Crucial Ballistix Sport LT DDR4-3200 Memory

Affordable high-performance desktop RAM

Shoppers of desktop memory are probably very familiar with Crucial, a brand that has been in business since 1996 and became synonymous with their online Memory Advisor tool (originally the Crucial Memory Selector when that was introduced back in 1998). Beyond offering compatible memory adhering to JEDEC standards for home and business machines Crucial has embraced the enthusiast segment, and since 2004 the Ballistix brand has been a competitor in this space.

Today we’re taking a look at new Ballistix memory in the form of a dual-channel DDR4 desktop kit that offers 3200 MT/s speeds out of the box via XMP 2.0, and has the potential to overclock further. Crucial sent along both 16GB and 32GB kits, and we are focusing on the 16GB kit in this review.

Product highlights for the Ballistix Sport LT series from Crucial:

  • Speeds start at 2400 MT/s
  • Faster speeds and responsiveness than standard DDR4 memory
  • Ideal for gamers and performance enthusiasts
  • Multi-channel memory architecture maximizes data rates
  • Digital camo heat spreader available in white, gray and red
  • Easy plug-and-play installation
  • Intel XMP 2.0 profiles for easy configuration
  • AMD Ryzen Ready
  • Optimized for the latest Intel 300 Series platforms
  • Limited lifetime warranty

These UDIMMs are part of the Sport LT series, offering a smaller overall footprint while still providing some impressive performance numbers via XMP 2.0 profiles. We tested it out in an Intel system and then moved on to have some fun with memory overclocking in a Ryzen 5 2400G system with integrated Vega graphics. Read on to see how it performed, and if faster memory can make a noticeable difference.

Crucial Ballistix Sport LT 3200 MHz Specifications
Series Ballistix Sport
Model Number 16GB Kit: BLS2K8G4D32AESBK
32GB Kit: BLS2K16G4D32AESB
Speed 3200 MT/s (PC4-25600)
Timings 16-18-18
Voltage 1.35V
Form Factor UDIMM
DIMM Type Unbuffered
Configuration 2048Meg x 64
Warranty Limited Lifetime

Current Pricing and Availability:

The Sport LT modules are available in three colors, with white and red finishes offered as well as the gray version we have in for review. These LT DIMMs offer a lower-profile heatsink that extends only slightly above the standard DIMM height, making them more compatible with various CPU coolers while still offering enhanced heat dissipation to assist with the overclocking potential associated with 1.35V DDR4 memory.

Performance – Intel System

One of the hardest things to do when assessing computer memory is establishing real-world performance gains. Sure, synthetic memory tests can show an immediate and sometimes significant performance uplift from faster speeds and lower latency, but translating this into obvious improvements for everyday use can be difficult. This is not the case with systems relying on integrated graphics which make use of system memory as VRAM, and here you can never have too much memory bandwidth. Increases to memory speed with AMD APUs have been a great benchmark, as faster memory directly translates into higher FPS numbers in games as these iGPUs are bandwidth constrained.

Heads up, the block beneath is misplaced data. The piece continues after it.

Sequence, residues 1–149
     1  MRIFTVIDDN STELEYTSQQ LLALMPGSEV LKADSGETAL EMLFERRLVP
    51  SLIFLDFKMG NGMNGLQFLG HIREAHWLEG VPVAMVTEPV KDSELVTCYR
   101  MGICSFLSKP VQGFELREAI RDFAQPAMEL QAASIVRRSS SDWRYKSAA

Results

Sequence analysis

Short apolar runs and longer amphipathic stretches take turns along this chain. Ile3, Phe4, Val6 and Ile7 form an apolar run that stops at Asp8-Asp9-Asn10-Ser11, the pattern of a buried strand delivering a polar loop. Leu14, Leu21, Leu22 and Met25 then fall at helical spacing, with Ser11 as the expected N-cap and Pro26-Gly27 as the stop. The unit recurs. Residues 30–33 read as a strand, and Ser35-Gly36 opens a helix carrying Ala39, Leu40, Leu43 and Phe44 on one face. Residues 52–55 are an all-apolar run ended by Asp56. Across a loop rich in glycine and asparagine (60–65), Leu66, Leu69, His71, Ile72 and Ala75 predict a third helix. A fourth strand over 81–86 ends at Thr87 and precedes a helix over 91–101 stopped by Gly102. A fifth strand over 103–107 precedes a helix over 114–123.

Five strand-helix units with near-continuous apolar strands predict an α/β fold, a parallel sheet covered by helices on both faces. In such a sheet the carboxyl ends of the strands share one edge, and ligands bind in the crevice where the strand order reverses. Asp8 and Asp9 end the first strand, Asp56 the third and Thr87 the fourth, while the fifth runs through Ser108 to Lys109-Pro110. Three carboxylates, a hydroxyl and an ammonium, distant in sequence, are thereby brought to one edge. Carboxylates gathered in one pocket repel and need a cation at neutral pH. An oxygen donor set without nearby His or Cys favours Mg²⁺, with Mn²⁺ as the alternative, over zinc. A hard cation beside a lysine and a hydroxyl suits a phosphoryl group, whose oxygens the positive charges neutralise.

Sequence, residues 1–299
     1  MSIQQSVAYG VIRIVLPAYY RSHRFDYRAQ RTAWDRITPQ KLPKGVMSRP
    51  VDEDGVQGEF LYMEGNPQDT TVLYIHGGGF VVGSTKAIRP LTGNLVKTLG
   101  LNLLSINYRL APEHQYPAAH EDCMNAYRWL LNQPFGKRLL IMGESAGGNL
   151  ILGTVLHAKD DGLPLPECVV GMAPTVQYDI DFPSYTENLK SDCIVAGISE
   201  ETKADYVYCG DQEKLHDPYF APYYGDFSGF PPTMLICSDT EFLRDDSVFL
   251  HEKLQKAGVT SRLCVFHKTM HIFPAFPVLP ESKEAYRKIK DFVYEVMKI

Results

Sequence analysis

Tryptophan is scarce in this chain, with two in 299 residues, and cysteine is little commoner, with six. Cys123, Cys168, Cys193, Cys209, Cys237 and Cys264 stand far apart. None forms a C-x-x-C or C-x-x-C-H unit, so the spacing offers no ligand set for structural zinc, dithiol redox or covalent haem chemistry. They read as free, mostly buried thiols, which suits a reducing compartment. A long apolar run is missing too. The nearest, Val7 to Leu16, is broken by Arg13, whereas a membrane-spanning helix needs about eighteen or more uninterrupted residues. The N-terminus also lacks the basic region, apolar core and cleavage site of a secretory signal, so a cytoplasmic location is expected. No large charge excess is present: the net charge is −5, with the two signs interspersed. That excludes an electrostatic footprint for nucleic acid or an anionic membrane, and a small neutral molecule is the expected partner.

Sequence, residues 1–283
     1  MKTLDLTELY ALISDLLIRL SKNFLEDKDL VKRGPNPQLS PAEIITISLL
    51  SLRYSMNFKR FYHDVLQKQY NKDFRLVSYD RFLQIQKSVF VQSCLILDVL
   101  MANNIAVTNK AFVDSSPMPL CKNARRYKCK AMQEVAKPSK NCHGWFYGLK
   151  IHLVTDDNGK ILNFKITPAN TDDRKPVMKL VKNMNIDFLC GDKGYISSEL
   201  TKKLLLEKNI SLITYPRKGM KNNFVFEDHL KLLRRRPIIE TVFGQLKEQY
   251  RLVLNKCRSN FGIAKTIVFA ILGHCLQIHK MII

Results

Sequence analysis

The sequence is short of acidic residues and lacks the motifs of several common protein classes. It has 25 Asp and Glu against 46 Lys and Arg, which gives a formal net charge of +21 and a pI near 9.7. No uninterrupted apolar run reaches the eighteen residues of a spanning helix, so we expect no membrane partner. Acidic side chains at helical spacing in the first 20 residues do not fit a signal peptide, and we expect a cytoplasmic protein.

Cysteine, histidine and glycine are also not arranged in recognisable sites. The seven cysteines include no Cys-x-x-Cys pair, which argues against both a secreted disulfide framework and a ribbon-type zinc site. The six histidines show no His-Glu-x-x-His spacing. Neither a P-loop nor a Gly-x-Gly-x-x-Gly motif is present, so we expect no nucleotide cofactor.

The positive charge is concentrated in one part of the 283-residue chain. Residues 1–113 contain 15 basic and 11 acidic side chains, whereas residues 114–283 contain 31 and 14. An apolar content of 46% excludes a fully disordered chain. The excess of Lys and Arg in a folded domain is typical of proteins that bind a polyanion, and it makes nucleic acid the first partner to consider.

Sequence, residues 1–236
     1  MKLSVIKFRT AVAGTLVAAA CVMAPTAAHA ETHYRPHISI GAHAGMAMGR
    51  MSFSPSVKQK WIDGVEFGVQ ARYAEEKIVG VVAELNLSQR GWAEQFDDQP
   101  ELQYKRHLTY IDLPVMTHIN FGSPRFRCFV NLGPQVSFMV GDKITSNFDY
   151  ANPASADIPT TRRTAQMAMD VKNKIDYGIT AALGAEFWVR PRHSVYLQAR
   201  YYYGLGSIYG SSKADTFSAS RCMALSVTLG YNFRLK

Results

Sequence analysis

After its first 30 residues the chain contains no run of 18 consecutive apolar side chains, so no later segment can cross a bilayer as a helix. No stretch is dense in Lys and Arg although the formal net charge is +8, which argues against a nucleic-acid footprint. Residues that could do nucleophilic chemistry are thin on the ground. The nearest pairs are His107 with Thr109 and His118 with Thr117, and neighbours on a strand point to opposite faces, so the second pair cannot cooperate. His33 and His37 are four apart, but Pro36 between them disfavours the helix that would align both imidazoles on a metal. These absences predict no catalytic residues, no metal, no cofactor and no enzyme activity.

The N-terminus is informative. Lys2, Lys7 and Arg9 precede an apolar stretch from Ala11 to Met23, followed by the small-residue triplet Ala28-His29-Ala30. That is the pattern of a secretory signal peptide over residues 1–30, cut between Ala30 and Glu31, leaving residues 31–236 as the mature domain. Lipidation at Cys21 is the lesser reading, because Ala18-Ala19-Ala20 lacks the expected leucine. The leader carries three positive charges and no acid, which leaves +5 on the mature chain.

Back when I was first trying to figure out how to review memory five years ago I first attempted to run benchmarks with an intel system before quickly moving on to an AMD platform with the highest-end (at the time) APU. My pair of DDR3 sticks rated at up to 2666 MHz did indeed make a big difference, especially considering DDR3’s standard 1600 MHz speed. I had not re-visited the labourious and generally unexciting world of memory benchmarking until getting these Crucial sticks in for review, but at least I knew going in larger and more useful gains were going to be obvious on the AMD side of things.

On the Intel platform I tested the Ballistix Sport LT modules extensively at their rated speed and voltage using the XMP 2.0 profile, and it was completely stable in normal use and through all benchmark runs.

PC Perspective Intel Z390 Test Platform
Processor Intel Core i7-8700K
Memory Crucial Ballistix Sport LT 16GB (8GBx2) DDR4-3200
Graphics Card NVIDIA GeForce RTX 2080 Founders Edition
Storage CORSAIR Neutron XTi 480GB SSD
Power Supply CORSAIR RM1000x 1000W
CPU Cooler Cooler Master Hyper 212 RGB Black Edition
Operating System Windows 10 64-bit

To attempt to assess performance we begin with some preliminary results using AIDA64 to demonstrate the throughput of the memory beginning with its default 2400 MT/s speed and ranging up to the highest stable overclock I could get without adding much voltage past 1.35V.

The memory timings begin with 16-16-16-39 at DDR-2400, with the XMP 2.0 profile offering 16-18-18-36 at DDR-3200. I attempted to improve on the XMP timings at 3200 MT/s and was able to tighten thse up a little when increasing the voltage. I also found DDR4-3600 to be easily reached, with timings of 18-18-18-40, after a voltage increase to ~1.370V (this board offers memory adjustment in .010V increments); and with some additional work/higher voltage I could have hit some better numbers.

As expected in this synthetic benchmark the performance scaled perfectly as memory bandwidth increased. So how to put this to good use? There are certainly applications that can take advantage of higher memory clocks, such as 7-Zip. Rather than use the built-in benchmark tool I decided to create a folder of exactly 5GB filled with an assortment of file types, and then compressed it using .7z at the maximum setting.